This book deals with aspects of legal education and legal traditions. Part I includes chapters on teaching Law of the Sea, legal ethics and educating lawyers as 'transaction cost engineers' as well as comparison of teaching law in a refugee camp and in a Malaysian University. Part II on legal and philosophical traditions includes essays on what later philosophers would have commented on Plato's arguments in the Crito regarding 'absolute obligation to obey the law' and what Socrates would have said on two conversations in the 19th century novel Uncle Tom's Cabin regarding the morality and legality of harbouring runaway slaves. Part II concludes with two essays regarding the applicability of the Hart-Devlin debate on the 'enforcement of morals' vis-a-vis the International Criminal Court and an essay on what the historian Arnold Toynbee would have commented on the 'contingency' v 'teleology' debate between two palaeontologists the late Stephen Jay Gould and Simon Conway Morris. * Legal education of interest to legal educators and students * Legal, political, moral philosophy as well as philosophy of history of interest to law, philosophy and history teachers, postgraduate and under graduate students* Aspects of legal ethics for law teachers, students and legal professionals* Interdisciplinary studies regarding law and economics, law and literature, law and social justice for law, humanities, social science academics and students.
This volume provides an overview of selected major areas of legal and institutional development in Lithuania since the Restoration of Independence in 1990. The respective chapters discuss changes in fields varying from the constitutional framework to criminal law and procedure. The content highlights four major aspects of the fundamental changes that have affected the entire legal system: the Post-Soviet country's complex historical heritage; socio-political and other conditions in the process of adopting new (rule of law) standards; international legal influences on the national legal order over the past 30 years; and finally, the search for entirely new national legal models. Over a period of 30 years since gaining its independence from the Soviet Union, Lithuania has undergone unique social changes. The state restarted its independent journey burdened by the complicated heritage of the Soviet legal system. Some major reforms have taken place swiftly, while others have required years of thorough analysis of societal needs and the search for optimal examples in other states. The legal system is now substantially different, with some elements being entirely new, and others adapted to present needs.
This book's focus makes statutes, and the processes that produce them, the primary consideration. Traditional teaching materials tend to make statutes and the circumstances of their creation secondary; students encounter the legislative process and legislative materials chiefly, sometimes exclusively, through the eyes of judges. In contrast, two of the three principal chapters of this book are organized around the enactment of two particular statutes - one late Nineteenth Century, the second late Twentieth Century. These chapters expose students to primary documents reflecting the quite different processes by which these two statutes were enacted, and invite them to reach conclusions about their meaning, in advance of any exposure to judicial interpretations - just as lawyers would typically be required to do in practice. The latter of these two chapters also includes extensive selections from the secondary literature to help put the current debates between textualists and purposivists in sharp focus. The intervening chapter deals in a more conventional way with the development and use of the purpose/intent-oriented methods of interpretation that characterized mid-Twentieth Century judicial practice. This chapter, in which judicial decisions predominate, often sets a statutory problem as a prologue to the case -- highlighting the statutory issue and inviting the student to do her own interpretive analysis before encountering the judges' opinion.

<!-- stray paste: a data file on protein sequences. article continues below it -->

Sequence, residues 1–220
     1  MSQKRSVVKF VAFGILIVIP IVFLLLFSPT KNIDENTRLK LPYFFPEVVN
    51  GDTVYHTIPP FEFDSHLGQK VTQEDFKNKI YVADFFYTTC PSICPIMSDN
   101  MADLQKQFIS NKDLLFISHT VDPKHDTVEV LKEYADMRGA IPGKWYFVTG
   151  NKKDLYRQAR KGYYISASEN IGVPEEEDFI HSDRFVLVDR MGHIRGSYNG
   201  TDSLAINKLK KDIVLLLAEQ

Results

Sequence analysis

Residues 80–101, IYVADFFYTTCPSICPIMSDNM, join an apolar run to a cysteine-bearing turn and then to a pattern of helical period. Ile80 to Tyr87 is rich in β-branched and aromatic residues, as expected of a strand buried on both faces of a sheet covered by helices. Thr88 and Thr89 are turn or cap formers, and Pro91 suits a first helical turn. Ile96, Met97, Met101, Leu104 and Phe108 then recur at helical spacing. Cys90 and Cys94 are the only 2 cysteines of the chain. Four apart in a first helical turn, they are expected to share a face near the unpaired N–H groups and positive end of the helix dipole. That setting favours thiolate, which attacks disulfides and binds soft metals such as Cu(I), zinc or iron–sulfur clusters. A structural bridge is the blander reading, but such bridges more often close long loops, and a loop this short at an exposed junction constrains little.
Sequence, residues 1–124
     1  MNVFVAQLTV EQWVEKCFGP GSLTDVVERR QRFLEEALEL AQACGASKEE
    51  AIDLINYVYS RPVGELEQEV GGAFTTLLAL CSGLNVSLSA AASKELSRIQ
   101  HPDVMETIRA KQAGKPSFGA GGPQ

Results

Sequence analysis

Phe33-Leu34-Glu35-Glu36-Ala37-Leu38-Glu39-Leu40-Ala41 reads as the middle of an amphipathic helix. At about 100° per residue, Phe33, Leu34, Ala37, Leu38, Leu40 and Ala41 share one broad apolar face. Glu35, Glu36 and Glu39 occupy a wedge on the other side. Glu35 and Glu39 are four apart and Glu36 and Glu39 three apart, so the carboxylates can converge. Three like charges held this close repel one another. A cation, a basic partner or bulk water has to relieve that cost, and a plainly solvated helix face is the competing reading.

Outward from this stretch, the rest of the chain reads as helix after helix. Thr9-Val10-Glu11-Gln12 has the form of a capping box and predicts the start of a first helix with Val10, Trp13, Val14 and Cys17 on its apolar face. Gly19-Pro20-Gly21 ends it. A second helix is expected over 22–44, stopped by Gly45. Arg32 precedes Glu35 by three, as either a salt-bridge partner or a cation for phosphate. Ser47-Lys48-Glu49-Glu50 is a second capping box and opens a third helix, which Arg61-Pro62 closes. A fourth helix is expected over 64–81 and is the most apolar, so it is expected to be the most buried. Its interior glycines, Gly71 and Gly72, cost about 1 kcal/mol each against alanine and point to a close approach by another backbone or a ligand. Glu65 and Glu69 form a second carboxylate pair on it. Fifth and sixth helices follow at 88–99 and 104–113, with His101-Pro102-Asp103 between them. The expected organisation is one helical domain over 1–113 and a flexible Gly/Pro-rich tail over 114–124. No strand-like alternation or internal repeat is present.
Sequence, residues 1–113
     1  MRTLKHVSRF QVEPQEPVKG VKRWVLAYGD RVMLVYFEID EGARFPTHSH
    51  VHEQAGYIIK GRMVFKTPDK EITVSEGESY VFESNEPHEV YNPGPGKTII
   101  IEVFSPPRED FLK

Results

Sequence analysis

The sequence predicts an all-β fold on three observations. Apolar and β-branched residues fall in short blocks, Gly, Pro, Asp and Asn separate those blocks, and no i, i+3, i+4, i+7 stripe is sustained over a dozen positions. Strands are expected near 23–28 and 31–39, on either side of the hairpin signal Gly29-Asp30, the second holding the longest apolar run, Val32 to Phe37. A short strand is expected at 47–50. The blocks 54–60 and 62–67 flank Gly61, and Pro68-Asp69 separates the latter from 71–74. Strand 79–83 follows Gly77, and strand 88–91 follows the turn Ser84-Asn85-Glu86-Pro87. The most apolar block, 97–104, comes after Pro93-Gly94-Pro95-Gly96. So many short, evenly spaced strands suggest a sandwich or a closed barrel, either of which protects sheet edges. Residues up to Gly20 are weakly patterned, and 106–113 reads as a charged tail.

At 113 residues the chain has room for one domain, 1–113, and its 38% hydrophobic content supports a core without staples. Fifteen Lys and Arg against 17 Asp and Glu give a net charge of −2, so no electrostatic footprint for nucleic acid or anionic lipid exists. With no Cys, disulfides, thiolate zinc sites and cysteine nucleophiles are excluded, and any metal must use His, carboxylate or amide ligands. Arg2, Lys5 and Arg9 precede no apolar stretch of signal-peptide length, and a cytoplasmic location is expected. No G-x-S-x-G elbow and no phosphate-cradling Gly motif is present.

In recent decades, scholars in the fields of law and theological ethics have begun to explore how religious insights might inform both jurisprudence and practical lawmaking at all levels of government. On Secular Governance offers a distinctive Lutheran focus on how individuals and societies can participate in God's work of creating a just and trustworthy world through law. This volume comprises essays by legal and theological scholars from the United States, Africa, Latin America, and Europe collaboratively addressing a wide range of practical subjects - women's issues, property law and the environment, immigration reform, church-state questions, and more. Providing uniquely Lutheran insights, this accessible text is an important contribution to the larger human conversation about how we should order our common life in this world.
This book explores the various connections between Law and Opera, providing a comprehensive, multinational, and multidisciplinary (with approaches from jurists, philosophers, musicologist, historians) resource on the subject. Further, it makes a valuable contribution to studies on law and the humanities. While, for example, the relationship between law and literature has been extensively researched, the relationship between Law and Opera remains largely overlooked. The book approaches the topic from three perspectives in three main sections: Law in Opera, Law on Opera, and Law around Opera.